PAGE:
My neighbor allows her dog to run loose. While walking my own dog, the neighbor’s bit me. What recourse do I have under the law?

An aggressive dog is a menace to the neighborhood, and potentially a source of great legal trouble for the owner. In Massachusetts, a dog and its owner are not granted any leniency in terms of civil liability even if this is the first occasion on which the dog has bitten someone. Additionally, since Massachusetts is a “strict liability” state, even if a dog is restrained or an owner otherwise takes “reasonable precautions,” the owner is still at fault.

If you plan on filing charges, or a lawsuit, be sure to take pictures of your injuries and bring documentation from your doctor. If you’ve previously taken pictures of the dog running loose, this would also be helpful.

There may be additional, local ordinances against unleashed dogs that come into play. An experienced personal injury attorney, such as one of our partners, will be able to assess the individual circumstances of a dog attack.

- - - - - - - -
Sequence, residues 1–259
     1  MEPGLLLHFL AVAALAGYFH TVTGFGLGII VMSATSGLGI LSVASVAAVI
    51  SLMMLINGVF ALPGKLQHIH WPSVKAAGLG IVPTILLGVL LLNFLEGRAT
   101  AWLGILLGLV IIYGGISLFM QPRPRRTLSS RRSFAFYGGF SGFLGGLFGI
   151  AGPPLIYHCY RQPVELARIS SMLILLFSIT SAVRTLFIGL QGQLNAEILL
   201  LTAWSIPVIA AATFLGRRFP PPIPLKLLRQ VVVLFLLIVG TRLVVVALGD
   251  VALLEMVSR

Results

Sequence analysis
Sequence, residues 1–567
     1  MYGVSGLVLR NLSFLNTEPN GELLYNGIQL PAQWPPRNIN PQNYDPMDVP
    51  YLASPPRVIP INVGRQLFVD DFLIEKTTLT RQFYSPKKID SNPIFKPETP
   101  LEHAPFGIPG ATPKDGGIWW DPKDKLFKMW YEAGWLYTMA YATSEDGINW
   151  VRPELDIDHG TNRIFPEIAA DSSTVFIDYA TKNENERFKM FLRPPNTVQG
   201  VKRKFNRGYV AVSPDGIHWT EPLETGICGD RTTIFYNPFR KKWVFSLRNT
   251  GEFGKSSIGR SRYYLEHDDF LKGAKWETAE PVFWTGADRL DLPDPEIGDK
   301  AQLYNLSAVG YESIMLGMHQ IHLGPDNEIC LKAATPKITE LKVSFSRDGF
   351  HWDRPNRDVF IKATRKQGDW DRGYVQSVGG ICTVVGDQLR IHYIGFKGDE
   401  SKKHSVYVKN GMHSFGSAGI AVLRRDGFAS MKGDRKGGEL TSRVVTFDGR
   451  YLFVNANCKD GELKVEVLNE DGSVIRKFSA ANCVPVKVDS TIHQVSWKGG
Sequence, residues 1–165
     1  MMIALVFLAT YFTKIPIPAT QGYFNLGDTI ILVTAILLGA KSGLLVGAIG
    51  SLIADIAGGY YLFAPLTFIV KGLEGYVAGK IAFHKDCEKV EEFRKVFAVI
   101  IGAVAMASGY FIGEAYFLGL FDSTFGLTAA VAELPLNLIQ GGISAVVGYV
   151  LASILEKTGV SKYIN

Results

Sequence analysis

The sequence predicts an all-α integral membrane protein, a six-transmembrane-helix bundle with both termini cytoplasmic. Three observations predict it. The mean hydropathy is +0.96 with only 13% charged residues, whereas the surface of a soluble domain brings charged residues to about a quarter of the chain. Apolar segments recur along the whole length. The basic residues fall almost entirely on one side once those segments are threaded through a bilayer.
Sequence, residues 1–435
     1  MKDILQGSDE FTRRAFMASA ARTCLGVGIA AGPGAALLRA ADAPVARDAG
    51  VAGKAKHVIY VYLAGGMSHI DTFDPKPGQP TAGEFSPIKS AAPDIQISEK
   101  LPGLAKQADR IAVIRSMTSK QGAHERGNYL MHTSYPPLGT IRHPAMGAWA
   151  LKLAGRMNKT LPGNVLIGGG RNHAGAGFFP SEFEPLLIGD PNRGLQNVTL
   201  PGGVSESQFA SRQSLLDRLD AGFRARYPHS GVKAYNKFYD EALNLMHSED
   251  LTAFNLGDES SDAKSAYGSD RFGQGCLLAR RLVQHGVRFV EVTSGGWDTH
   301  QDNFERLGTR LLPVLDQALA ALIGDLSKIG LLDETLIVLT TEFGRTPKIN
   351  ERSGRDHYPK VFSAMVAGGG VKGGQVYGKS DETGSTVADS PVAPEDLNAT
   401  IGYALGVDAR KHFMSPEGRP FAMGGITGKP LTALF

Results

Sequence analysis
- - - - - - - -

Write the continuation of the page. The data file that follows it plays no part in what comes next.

All this assumes, however, that neither you nor your own dog did anything to provoke the neighbor’s animal. The law waves liability for the owner of a dog if the victim of the bite was trespassing or in any way harassing or tormenting the dog.

Call our office today to discuss your options for compensation following a dog bite or another injury.